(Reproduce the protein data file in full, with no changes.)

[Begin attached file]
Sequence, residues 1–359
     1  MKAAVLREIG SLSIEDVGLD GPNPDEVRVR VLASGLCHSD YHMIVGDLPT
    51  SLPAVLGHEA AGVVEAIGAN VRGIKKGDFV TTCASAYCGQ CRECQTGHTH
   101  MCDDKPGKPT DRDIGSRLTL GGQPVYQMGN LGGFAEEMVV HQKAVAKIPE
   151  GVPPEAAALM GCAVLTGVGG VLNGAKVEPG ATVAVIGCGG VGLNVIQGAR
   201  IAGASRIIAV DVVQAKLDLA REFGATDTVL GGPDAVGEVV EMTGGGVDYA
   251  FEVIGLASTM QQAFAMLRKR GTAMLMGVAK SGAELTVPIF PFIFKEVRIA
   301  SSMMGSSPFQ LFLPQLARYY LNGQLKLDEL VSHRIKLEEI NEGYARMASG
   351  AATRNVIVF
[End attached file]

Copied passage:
Sequence, residues 1–359
     1  MKAAVLREIG SLSIEDVGLD GPNPDEVRVR VLASGLCHSD YHMIVGDLPT
    51  SLPAVLGHEA AGVVEAIGAN VRGIKKGDFV TTCASAYCGQ CRECQTGHTH
   101  MCDDKPGKPT DRDIGSRLTL GGQPVYQMGN LGGFAEEMVV HQKAVAKIPE
   151  GVPPEAAALM GCAVLTGVGG VLNGAKVEPG ATVAVIGCGG VGLNVIQGAR
   201  IAGASRIIAV DVVQAKLDLA REFGATDTVL GGPDAVGEVV EMTGGGVDYA
   251  FEVIGLASTM QQAFAMLRKR GTAMLMGVAK SGAELTVPIF PFIFKEVRIA
   301  SSMMGSSPFQ LFLPQLARYY LNGQLKLDEL VSHRIKLEEI NEGYARMASG
   351  AATRNVIVF